On Monday, December 16, 2019, the IRS issued proposed regulations under Section 162(m) of the Internal Revenue Code to reflect certain changes that were made to Section 162(m) by the Tax Cuts and Jobs Act of 2017.
Under Section 162(m), compensation paid to a publicly held corporation's "covered employees" that exceeds $1 million per year for any covered employee is non-deductible. Among other changes, the act amended Section 162(m) to expand the scope of covered employees and eliminate the qualified performance-based compensation exemption from the $1 million deduction limit.
The amended rules under Section 162(m) apply to taxable years beginning on or after January 1, 2018. However, the act provides transition relief under which certain compensation paid pursuant to a written binding contract in effect on November 2, 2017, will be grandfathered and not subject to the amended rules, provided that the contract is not materially modified on or after that date.
As discussed in our prior Cooley alert, the IRS issued Notice 2018-68 in 2018, which provided guidance on the amended rules for identifying covered employees and the operation of the grandfather rule. In the notice, the IRS also requested comments on various other issues regarding Section 162(m), including the reliance period exemption for newly public corporations (as described below).
The proposed regulations are generally consistent with the changes made by the act and the guidance provided in the notice. However, the proposed regulations clarify certain issues addressed by the act or the notice and also provide guidance on certain issues that were not addressed by the act or the notice, including the following:
- Reliance period exemption for newly public corporations: Under the current regulations, certain compensation paid by newly public corporations is exempt from the $1 million deduction limit for a certain period of time after the corporation becomes publicly held.
The proposed regulations eliminate this exemption for any corporation that becomes publicly held on or after December 20, 2019. For any such corporation, the $1 million deduction limit would apply to any compensation that is otherwise deductible for the taxable year ending on or after the date that the corporation becomes publicly held (which would also mean that certain compensation paid for such taxable year prior to the date that the corporation becomes publicly held would be subject to the $1 million deduction limit). The exemption under the current regulations continues to apply to corporations that became publicly held before December 20, 2019.
- Grandfather rule – vesting acceleration: Under the grandfather rule, if a contract is materially modified on or after November 2, 2017, it will no longer qualify for grandfathering. Under the proposed regulations, the IRS clarified that for all forms of compensation (including equity award compensation), a modification to a contract that accelerates vesting would not be considered a material modification (and, therefore, would not disqualify the compensation from being grandfathered).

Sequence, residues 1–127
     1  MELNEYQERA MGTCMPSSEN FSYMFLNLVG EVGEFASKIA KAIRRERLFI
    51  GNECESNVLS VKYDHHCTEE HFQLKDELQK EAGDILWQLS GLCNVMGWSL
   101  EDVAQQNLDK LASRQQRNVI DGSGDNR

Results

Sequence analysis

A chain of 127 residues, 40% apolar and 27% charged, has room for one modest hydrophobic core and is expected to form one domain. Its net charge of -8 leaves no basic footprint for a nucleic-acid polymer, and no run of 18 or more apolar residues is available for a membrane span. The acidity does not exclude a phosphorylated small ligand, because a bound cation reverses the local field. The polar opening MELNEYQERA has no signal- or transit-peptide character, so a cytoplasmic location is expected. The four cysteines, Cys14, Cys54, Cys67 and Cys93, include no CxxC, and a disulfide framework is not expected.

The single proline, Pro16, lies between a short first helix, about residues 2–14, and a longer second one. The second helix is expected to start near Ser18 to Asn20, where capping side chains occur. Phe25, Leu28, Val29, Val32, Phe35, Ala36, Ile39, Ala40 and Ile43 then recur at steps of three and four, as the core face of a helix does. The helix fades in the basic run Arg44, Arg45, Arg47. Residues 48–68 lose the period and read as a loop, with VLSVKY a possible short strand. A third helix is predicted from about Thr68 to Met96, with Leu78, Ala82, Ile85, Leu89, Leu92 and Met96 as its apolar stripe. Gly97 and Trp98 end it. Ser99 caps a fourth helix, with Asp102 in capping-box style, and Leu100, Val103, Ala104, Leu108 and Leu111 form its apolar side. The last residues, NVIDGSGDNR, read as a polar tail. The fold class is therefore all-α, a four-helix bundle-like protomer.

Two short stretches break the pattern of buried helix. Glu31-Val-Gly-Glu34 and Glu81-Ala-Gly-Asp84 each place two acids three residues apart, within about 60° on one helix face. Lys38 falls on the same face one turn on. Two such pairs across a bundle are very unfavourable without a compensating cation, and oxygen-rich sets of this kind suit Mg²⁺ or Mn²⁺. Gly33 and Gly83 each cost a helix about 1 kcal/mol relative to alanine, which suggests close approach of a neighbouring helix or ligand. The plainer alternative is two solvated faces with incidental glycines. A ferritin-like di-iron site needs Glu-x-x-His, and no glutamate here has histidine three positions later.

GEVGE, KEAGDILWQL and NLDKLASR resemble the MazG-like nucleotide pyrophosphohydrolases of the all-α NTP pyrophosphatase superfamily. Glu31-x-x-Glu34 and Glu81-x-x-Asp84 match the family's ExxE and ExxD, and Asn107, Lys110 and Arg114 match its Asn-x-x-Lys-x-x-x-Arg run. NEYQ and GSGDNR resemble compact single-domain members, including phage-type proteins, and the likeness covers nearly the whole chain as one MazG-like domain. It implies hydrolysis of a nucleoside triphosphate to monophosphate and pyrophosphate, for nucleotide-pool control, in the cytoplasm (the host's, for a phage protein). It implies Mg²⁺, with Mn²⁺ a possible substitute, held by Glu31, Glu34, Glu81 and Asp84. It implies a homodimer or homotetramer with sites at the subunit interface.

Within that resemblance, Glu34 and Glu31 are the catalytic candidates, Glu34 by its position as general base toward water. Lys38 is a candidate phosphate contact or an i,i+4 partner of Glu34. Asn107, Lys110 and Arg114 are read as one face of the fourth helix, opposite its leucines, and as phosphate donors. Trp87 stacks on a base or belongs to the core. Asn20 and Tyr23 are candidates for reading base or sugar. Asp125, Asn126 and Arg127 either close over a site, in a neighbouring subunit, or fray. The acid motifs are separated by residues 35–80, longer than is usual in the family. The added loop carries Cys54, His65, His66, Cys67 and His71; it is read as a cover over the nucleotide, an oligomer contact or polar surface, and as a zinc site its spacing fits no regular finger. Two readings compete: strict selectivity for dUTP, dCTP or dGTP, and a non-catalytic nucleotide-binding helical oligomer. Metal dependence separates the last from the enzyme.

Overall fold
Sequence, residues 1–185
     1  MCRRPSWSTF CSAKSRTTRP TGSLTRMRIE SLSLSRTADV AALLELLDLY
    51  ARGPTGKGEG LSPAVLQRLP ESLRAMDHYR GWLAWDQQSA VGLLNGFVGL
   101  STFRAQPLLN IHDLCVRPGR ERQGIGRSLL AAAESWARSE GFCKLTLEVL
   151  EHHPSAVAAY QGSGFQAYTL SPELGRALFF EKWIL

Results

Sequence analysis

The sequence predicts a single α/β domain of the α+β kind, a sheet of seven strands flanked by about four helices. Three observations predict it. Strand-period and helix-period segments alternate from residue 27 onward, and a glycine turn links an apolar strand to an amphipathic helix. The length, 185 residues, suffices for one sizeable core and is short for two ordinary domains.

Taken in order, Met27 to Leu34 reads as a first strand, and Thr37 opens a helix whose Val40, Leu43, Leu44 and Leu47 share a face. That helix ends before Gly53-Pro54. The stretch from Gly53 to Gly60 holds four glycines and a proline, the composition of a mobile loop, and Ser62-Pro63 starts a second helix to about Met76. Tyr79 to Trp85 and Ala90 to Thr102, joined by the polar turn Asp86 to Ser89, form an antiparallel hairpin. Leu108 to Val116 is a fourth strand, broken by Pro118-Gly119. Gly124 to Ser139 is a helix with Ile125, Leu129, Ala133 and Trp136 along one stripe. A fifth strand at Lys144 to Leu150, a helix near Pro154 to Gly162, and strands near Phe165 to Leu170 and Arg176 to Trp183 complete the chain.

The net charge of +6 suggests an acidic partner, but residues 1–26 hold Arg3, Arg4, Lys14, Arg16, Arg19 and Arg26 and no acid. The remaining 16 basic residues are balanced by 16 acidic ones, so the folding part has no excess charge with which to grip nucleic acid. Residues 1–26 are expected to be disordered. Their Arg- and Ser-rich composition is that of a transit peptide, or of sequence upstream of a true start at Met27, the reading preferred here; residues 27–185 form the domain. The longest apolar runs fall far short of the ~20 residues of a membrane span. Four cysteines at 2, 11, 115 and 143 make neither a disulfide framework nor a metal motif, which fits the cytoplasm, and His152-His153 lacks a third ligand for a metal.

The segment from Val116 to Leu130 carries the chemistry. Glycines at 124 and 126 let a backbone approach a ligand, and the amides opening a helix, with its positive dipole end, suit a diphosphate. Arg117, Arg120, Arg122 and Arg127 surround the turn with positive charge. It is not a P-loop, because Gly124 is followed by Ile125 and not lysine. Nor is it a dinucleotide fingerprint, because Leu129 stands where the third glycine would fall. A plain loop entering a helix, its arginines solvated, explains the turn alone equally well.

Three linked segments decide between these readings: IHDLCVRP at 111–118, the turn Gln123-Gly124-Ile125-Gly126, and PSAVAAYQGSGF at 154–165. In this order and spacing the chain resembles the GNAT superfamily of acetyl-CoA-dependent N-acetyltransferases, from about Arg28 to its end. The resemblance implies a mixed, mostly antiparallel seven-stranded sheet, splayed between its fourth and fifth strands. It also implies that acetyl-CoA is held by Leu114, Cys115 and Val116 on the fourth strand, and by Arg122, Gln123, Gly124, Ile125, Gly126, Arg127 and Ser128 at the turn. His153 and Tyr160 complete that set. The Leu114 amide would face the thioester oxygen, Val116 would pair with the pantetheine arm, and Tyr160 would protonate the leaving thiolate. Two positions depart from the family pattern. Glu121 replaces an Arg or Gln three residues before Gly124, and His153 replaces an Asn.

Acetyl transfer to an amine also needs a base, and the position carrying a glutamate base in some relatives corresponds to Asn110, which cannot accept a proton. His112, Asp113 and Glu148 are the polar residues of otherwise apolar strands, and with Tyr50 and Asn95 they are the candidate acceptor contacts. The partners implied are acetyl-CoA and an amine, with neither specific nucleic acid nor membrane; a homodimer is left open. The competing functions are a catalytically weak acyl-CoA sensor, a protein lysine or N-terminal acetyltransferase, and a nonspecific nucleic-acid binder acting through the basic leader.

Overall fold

- Grandfather rule – safe harbor for written binding contract: The notice provided that for purposes of the grandfather rule, compensation is considered payable under a written binding contract only to the extent that the corporation is obligated under applicable law (for example, state contract law) to pay the compensation if the applicable service or vesting conditions are met. The determination of whether a contract constitutes a written binding contract is determined under applicable law.
In the preamble to the proposed regulations, the IRS acknowledged that making this determination under applicable law may be burdensome and noted that some commenters to the notice had suggested a safe harbor as an alternative. Under the suggested safe harbor, any arrangement in effect on or before November 2, 2017, would be treated as a written binding contract if the compensation payable under the contract was accrued (or could have been accrued) as a cost under GAAP, regardless of whether the corporation is obligated to pay the compensation under applicable law. The proposed regulations do not adopt this safe harbor and instead retain the standard set forth in the notice. However, the IRS stated that it would "welcome the potential for simplification" on this issue, as well as further comments on whether this safe harbor would be administrable, which leaves open the possibility that a less burdensome standard may be adopted in the final regulations.
- Grandfather rule – negative discretion: A "negative discretion" provision in a contract allows a corporation to reduce the amount of compensation payable under the contract (typically down to zero). A negative discretion provision may affect whether compensation meets the written binding contract requirement described above. The notice provided that if, under applicable law, it is determined that the negative discretion provision means that the arrangement is not a written binding contract, then the compensation will not be grandfathered.